Remember the anthrax scare? It was about four weeks after 9/11. Letters laced with powdery spores of the deadly bacteria were mailed through the U.S. postal system. In all, five people died, 17 fell ill. At first, everyone thought this was another al Qaeda terrorist attack.
But soon the FBI began keying on a so-called "person of interest" – Steven Hatfill – and launched one of the largest criminal investigations in its history.
As correspondent Lesley Stahl reports, the FBI has been going after this guy for five years, and yet he has got them in court: Hatfill has sued the FBI and Department of Justice for what he claims has been a campaign of leaking lies and distortions about him to the press.
Through the lawsuit, Hatfill's lawyer has not only obtained boxfuls of internal government documents, but he has also deposed nearly every major law enforcement official involved in the case. It is the latest twist in the FBI's yet unsolved investigation of the anthrax murders.
A number of anthrax letters began appearing in the mail between late September and October, 2001. The letters were sent to news outlets – Dan Rather and Tom Brokaw got them. As did two U.S. senators. And two postal workers, who handled the poisonous envelopes, died.
Steven Hatfill, a medical doctor and an expert on viruses, was outed in a drumbeat of news reports that included aerial shots of the FBI seizing property from his apartment, including his trash.
And then-Attorney General John Ashcroft confirmed on television that Hatfill was a "person of interest."
But instead of the FBI nailing Hatfill, he filed his lawsuit claiming that with their leaks, the FBI and Justice Department had violated his presumption of innocence and destroyed his reputation.
"I object to an investigation characterized, as this one has been, by outrageous official statements, calculated leaks to the media, and causing a feeding frenzy operating to my great prejudice," he said in August, 2002.
In the lawsuit, Hatfill is turning the tables on the FBI: the hunted is dragging the hunters into court. Top officials were deposed on videotape, like John Ashcroft, who was less than forthcoming.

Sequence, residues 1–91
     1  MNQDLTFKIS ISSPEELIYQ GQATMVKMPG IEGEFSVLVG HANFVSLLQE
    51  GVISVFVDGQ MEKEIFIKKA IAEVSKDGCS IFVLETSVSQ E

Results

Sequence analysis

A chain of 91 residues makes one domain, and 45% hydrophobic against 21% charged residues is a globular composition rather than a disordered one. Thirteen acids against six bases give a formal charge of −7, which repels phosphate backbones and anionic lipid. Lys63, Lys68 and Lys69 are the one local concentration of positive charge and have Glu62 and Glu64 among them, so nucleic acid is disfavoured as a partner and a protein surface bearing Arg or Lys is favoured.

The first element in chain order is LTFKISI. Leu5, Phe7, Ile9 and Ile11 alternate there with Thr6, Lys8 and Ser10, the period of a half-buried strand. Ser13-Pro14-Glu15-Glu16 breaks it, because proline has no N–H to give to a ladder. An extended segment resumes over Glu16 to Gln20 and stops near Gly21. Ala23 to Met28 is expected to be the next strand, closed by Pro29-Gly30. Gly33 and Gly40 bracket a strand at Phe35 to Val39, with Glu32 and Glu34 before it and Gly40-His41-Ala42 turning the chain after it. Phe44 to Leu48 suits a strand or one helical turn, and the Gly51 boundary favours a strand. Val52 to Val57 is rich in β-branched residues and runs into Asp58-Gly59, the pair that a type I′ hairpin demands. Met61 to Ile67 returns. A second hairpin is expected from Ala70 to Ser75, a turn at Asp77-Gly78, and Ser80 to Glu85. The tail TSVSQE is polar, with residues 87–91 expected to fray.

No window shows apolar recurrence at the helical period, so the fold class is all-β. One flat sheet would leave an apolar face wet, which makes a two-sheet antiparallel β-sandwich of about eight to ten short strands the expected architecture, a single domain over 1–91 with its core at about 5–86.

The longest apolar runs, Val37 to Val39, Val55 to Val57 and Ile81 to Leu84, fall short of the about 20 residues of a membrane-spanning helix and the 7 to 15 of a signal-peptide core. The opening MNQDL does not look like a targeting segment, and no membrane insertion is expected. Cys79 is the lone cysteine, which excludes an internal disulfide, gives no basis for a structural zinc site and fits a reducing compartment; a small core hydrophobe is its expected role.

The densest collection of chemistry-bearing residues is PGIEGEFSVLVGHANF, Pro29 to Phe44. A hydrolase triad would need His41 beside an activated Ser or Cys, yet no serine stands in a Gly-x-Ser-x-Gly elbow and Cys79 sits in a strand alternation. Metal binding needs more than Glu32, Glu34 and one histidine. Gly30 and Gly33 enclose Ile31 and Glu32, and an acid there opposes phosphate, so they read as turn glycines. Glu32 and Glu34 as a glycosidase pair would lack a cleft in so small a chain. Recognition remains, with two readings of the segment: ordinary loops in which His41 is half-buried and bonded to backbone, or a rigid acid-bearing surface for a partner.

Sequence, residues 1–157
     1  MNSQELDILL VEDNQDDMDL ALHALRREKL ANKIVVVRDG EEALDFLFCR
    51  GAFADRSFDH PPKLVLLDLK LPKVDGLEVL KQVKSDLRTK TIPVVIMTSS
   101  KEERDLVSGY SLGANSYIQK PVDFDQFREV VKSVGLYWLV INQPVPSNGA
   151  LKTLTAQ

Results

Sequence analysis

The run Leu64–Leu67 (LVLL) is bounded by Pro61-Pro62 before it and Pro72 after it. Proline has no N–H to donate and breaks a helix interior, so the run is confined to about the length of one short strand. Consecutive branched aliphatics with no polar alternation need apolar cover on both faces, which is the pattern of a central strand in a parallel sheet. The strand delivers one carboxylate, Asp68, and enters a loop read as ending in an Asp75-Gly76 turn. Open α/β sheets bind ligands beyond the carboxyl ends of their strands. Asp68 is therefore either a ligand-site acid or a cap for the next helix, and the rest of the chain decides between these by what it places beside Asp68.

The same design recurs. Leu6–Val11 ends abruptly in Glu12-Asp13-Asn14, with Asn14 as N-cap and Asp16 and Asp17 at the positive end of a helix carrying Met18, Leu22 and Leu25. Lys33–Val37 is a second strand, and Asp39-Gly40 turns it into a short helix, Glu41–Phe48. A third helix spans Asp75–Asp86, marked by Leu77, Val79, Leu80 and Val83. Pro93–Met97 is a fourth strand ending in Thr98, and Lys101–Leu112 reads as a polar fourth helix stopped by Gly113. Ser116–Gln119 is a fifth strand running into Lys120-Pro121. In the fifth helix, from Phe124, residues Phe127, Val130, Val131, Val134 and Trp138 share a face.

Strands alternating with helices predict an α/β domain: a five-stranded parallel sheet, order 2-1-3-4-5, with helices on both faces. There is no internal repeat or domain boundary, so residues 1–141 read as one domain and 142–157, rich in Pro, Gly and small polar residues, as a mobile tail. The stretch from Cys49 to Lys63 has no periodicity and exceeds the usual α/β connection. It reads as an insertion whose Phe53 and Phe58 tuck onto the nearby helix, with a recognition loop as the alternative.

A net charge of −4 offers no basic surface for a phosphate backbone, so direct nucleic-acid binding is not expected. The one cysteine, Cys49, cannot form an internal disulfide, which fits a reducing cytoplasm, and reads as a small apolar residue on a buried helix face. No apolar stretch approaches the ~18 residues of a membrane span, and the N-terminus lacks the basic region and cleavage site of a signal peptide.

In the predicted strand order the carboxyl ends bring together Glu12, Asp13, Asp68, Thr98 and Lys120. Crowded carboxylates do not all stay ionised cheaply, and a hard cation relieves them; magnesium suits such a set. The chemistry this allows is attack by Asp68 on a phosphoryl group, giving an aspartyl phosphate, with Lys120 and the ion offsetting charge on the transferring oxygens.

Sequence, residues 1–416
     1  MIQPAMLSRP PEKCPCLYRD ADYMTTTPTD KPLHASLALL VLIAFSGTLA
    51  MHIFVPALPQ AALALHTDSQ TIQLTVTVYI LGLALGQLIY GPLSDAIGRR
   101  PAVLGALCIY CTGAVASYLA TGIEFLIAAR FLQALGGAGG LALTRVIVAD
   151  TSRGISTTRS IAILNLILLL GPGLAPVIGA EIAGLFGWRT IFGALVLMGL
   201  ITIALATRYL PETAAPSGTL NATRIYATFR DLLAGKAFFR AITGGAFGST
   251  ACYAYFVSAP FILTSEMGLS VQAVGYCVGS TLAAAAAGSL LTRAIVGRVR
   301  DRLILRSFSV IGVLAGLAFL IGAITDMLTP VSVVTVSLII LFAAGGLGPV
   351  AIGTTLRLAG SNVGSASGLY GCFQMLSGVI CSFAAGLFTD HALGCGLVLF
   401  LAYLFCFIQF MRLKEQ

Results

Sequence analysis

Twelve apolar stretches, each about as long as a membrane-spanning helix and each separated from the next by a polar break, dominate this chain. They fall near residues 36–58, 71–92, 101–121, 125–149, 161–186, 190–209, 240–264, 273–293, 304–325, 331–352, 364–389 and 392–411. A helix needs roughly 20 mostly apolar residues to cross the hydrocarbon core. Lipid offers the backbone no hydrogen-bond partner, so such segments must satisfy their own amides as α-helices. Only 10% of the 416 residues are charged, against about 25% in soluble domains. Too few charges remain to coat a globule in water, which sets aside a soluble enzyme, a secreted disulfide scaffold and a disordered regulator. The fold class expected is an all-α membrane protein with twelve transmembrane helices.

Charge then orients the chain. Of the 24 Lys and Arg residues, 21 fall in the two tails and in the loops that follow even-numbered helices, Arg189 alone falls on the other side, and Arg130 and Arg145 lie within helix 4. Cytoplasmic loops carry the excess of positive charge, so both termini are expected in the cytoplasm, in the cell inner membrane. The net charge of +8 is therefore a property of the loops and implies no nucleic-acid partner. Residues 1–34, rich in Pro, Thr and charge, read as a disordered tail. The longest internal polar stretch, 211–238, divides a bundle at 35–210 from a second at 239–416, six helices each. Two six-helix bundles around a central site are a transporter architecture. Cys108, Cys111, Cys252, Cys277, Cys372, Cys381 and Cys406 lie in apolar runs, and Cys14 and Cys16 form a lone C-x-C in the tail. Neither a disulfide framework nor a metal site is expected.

"Is it appropriate for Department of Justice officials to suggest that Dr. Hatfill fits a behavioral profile of the anthrax killer?" Ashcroft was asked.
"I don't know," the attorney general replied.
"You don't know whether it was appropriate or inappropriate to disclose that kind of information?" he was asked.
"I don't know," Ashcroft responded.
Asked if he thought it was fair to Dr. Hatfill, Ashcroft said, "I don't know."
John Ashcroft answered "I don't know" to 85 questions in the four and a half hour deposition.
Hatfill came on the radar screen in the first place because he seemed to fit the FBI profile as an American scientist who had worked at a U.S. Army laboratory where the strain of anthrax used in the attacks was stored.
There were other – quote – "curiosities." For instance, he commissioned a study in 1999 of how emergency personnel should respond in the event of an anthrax mailing. He wrote a novel fictionalizing a bio-terrorist attack in Washington.
And there's an open question about how similar his handwriting is to that on the anthrax envelopes. But in his deposition, Richard Lambert, who oversaw the FBI investigation, said there were other people on the radar screen.
"There were 20 to 30 other people who were also likewise identified as 'persons of interest' in the investigation," Lambert said during the deposition.
Lambert couldn't identify the other people, acknowledging that his testimony could stigmatize those individuals.